SambaNova RDAs: Mastering Fault Management (Part 1)

Posted by SambaNova Systems on January 25, 2024

SambaNova delivers the first, full stack enterprise grade generative AI platform. Designed specifically for the enterprise, the SambaNova platform includes enterprise level features to deliver the highest levels of performance, reliability, and uptime. These include features for fault tolerance, management, and ease of serviceability. 

Fault management plays a crucial role in enhanced reliability, error correction, and fault identification. As the complexity of a system increases, fault management becomes ever more important for enterprise customers that require the highest levels of availability. In this two-part blog, we discuss SambaNova Fault Management (SNFM), diving deeply into the intricacies of fault management within the SambaNova AI platform. 

  • In Part 1, we give some background. We explore the SambaNova product configuration, discuss errors, faults, and fault coverage, and finally give an overview of event sources. 
  • In Part 2, we dive more deeply into the architecture. First we discuss error handling, fault diagnosis, and fault handling for different types of faults. Next we explore error and fault logging and briefly explore APIs and tools. 

At its core, this blog emphasizes our uncompromising commitment to reliability, availability, and serviceability (RAS) at the product level. 


  • Fault management is an important component for ensuring the highest level of RAS.
  • It is important to distinguish between Errors and Faults. In this context not all hardware errors result in the failure of hardware components.
  • Hardware errors are handled by propagating them through various stages requiring error telemetry collection, fault diagnosis, and fault handling. The goal is to minimize operational disruptions and improve system health monitoring.
  • Fault handling is performed based on the nature of a fault – some faults are automatically recovered while others require partial or full manual intervention to restore the system configuration. 


What is the need for fault management within our product offerings? To answer this question, it is prudent to go over the system configurations we offer across multiple generations of our product line. A data center rack form factor product needs to address certain metrics for product quality and reliability among other parameters, and fault management is the most critical parameter for system RAS.



SambaNova Systems offers enterprise class products, powered by AI accelerator chips which are based on our proprietary Reconfigurable Dataflow Architecture (RDA). These AI chips are named Reconfigurable Dataflow Units (RDUs) and are shipped together with host systems in SambaNova rack products. RDUs have a rich configuration of memory (more than 1TB) and IO interconnections (PCIe), and allow other PCIe devices to directly access the RDU memory. Each host is configured with 8 RDUs and these RDUs are part of external IO boxes (XRDUs) installed in the same rack. The XRDUs are connected to the host via PCIe IO interconnect and to each other via an isolated PCIe fabric domain.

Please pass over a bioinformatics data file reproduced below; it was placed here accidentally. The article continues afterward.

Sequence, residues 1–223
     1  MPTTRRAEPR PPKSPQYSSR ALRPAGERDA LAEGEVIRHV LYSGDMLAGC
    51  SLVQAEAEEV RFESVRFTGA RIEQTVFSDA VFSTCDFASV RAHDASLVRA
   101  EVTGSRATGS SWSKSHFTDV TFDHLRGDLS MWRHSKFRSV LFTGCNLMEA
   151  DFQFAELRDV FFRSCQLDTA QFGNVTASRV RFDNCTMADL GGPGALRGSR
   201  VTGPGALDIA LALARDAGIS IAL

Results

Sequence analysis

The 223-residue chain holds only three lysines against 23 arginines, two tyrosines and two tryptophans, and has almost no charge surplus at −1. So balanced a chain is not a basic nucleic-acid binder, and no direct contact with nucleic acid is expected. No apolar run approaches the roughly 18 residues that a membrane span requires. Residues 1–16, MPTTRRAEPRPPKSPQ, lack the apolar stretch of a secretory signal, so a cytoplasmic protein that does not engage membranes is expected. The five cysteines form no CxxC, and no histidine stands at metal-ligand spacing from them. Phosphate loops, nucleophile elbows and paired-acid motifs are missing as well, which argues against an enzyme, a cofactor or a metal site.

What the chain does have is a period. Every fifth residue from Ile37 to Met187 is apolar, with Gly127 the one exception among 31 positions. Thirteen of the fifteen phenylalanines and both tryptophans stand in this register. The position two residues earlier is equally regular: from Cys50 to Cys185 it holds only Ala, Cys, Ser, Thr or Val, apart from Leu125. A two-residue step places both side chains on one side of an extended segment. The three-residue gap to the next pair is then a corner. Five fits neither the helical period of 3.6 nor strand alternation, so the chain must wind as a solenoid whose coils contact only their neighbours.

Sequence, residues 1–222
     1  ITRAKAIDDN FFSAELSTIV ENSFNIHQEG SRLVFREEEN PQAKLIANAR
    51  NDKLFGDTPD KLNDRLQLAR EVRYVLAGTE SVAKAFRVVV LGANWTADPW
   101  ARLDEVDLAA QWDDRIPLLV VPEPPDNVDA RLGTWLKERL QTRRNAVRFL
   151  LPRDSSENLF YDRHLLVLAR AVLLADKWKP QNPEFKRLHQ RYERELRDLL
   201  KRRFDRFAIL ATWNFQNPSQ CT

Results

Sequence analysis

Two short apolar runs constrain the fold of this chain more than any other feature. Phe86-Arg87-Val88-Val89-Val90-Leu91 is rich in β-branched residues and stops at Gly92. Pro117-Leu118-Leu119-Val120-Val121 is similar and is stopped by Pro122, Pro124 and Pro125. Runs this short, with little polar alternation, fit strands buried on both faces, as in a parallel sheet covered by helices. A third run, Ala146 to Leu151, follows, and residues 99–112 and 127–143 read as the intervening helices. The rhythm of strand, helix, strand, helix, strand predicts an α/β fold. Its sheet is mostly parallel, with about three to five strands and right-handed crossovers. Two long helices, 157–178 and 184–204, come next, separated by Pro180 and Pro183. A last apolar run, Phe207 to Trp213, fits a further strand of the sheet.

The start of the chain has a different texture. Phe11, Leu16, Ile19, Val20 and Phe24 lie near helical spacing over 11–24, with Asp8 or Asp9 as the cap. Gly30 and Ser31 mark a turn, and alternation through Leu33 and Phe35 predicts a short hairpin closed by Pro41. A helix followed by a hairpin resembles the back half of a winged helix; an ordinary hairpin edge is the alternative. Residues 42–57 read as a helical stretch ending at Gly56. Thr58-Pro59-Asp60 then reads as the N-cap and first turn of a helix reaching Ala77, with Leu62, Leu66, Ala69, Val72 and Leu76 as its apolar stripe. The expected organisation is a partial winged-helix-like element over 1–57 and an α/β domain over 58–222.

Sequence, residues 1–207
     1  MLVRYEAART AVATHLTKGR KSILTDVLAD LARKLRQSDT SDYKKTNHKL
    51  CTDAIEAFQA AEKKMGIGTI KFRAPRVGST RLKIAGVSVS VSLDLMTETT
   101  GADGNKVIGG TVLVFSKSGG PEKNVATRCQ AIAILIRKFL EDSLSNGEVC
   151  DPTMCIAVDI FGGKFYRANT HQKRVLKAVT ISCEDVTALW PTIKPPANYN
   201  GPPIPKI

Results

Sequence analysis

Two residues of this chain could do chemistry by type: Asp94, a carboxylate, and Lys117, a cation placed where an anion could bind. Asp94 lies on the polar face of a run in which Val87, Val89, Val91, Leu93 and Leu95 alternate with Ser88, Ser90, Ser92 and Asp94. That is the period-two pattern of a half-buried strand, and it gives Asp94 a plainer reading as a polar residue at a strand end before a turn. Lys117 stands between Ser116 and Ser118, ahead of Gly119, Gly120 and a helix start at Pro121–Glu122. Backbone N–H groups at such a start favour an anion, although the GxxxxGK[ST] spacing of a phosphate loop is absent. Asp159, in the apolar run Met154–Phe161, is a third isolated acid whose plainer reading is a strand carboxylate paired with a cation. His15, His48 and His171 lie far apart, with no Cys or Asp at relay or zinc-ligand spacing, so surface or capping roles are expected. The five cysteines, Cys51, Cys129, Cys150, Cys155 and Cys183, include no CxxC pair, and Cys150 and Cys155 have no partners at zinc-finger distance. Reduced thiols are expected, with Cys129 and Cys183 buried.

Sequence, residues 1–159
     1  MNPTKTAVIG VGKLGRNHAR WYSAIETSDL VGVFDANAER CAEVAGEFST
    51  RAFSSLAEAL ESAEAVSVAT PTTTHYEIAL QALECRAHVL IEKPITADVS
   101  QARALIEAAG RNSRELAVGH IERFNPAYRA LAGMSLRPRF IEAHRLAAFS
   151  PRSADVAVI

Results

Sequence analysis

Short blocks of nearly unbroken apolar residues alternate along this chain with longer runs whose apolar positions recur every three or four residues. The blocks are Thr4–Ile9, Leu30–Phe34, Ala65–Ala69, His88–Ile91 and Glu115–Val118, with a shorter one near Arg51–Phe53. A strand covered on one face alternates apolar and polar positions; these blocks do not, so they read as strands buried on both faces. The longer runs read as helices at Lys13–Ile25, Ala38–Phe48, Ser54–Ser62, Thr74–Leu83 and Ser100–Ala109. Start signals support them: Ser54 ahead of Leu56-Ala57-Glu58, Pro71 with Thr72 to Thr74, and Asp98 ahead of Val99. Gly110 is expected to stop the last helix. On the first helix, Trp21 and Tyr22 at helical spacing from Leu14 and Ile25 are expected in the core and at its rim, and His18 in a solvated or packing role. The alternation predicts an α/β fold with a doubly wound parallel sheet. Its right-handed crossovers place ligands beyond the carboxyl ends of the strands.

This creates a robust and complex system IO topology that achieves the performance demands of modern enterprise AI workloads which scale across multiple hosts and racks.

Fault management is an integral part of SambaNova’s design philosophy which ensures optimized performance of RDU based data center rack solutions. We’ve adopted an efficient and practical approach for identifying faults, reporting the location of faulty hardware components, and maintaining a system inventory of all components. System inventory health is maintained by handling the hardware errors asynchronously and monitoring the hardware state periodically based on the component classifications we have created.


Before diving into the details of our fault management solution, let us go over some critical terms which are applicable to any fault management system (FMS):

  • Error: These are hardware reported error events or software detected errors which indicate an issue with the hardware component. The errors can be classified as correctable or uncorrectable. The correctable errors are normally handled by hardware. In the case of an uncorrectable error, there is a notification process to inform any software processes that may be impacted by the error.
  • Fault: It is the classification of hardware error which indicates the component is operating at a non-optimal level i.e. component is not behaving properly as per system specifications. This state of a component is the outcome of fault diagnosis. The diagnosis is performed on error telemetry collected as part of handling the hardware error.

Each internal module of SambaNova’s FMS (a.k.a. SNFM) has different responsibilities. The following diagram shows the typical software components or modules of a fault management system. SNFM has combined the functionality shown in this diagram per the scope we defined for error collection and fault diagnosis.


  • Error handling: This module is responsible for collecting the error telemetry data and identifying the error type.